(b) Limitations on Program.—
(1) EXTENT AND LENGTH OF PROGRAM.--The program under subsection (a) shall terminate at the end of the 18-month period beginning on the date of the enactment of this Act and shall be limited to not more than 10,000 warning letters.
(d) Reports to Congress.--The Attorney General shall submit to the Congress a report on the program established under subsection (a) both at the time the program is initiated and at the conclusion of the program.
I understand that the act is perhaps just a test or an experiment. One in which the government is trying to educate the public, and perhaps threaten them, without the cost of prosecution. But if congress has found:
(3) The most popular peer-to-peer file trading software programs have been downloaded by computer users over 600,000,000 times. At any one time there are over 3,000,000 users simultaneously using just one of these services. Each month, on average, over 2,300,000,000 digital-media files are transferred among users of peer-to-peer systems.
How would sending out 10,000 warning letters make even a dent in the millions of users that probably deserve one? As far as a report goes, I am guessing the type of information that would be beneficial to know is if the amount of illegally sharing copyrighted music was reduced by such warning letters. However, it has been discussed many times that the factors involved with this issue are two vast to determine which one is having an affect on copynorms. What if in the 18 months of the act’s time line, a company comes out with technology that is easily implemented and very hard to circumvent, therefore reducing the amount of infringement? Is the government’s report going to incorporate other factors into it?
As Mr. Smith from Texas points out:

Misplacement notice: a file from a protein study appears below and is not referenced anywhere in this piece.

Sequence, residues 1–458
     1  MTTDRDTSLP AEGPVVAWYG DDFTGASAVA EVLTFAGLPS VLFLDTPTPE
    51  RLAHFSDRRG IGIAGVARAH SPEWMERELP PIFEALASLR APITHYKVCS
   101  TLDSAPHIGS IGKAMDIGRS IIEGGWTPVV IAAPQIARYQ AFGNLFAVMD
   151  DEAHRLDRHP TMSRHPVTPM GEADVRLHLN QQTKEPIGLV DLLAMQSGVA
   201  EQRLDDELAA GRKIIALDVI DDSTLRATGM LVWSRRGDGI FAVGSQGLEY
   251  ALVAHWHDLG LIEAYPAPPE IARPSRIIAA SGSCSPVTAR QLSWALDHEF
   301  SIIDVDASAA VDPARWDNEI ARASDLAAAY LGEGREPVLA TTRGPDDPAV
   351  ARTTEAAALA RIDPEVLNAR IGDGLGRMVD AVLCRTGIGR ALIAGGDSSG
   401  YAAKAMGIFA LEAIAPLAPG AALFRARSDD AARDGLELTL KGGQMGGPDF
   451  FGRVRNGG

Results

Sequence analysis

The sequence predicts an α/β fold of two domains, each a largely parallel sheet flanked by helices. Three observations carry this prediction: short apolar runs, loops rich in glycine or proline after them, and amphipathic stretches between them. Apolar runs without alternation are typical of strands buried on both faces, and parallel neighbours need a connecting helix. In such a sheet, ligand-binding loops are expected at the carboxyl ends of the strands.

I have heard from songwriters, video store owners, software publishers, and game developers who feel the impact of such piracy every day. They have urged Congress to help them educate the public about the harms of piracy while also warning and penalizing those who continue to steal from others.
And Mr. CONYERS points out:
The content industries provide this country's number one export; in fact, copyrighted content provides a positive trade balance of approximately $89 billion. Clearly, our content is a valuable resource that deserves protection.
Unfortunately, no one seems to have heard what the public is saying, and what the statistics are showing. The internet has changed the world of copying, and it is not that old copyright laws need to be enforced better. The problem is that the copyright laws need to be revised as to deal with the new digital era in a way that still promotes creativity and innovation. Not one of the congressmen opposed the bill, and no argument was heard on the floor discussing problems with the bill. Perhaps it is only the special interest of the multi-billion dollar industry that Congress is listening to.
Wentworth’s main concern is when both this bill and the INDUCE Act are reviewed in the Senate, if time is running out, and law makers decided to combine these acts, this will generate very bad legislation.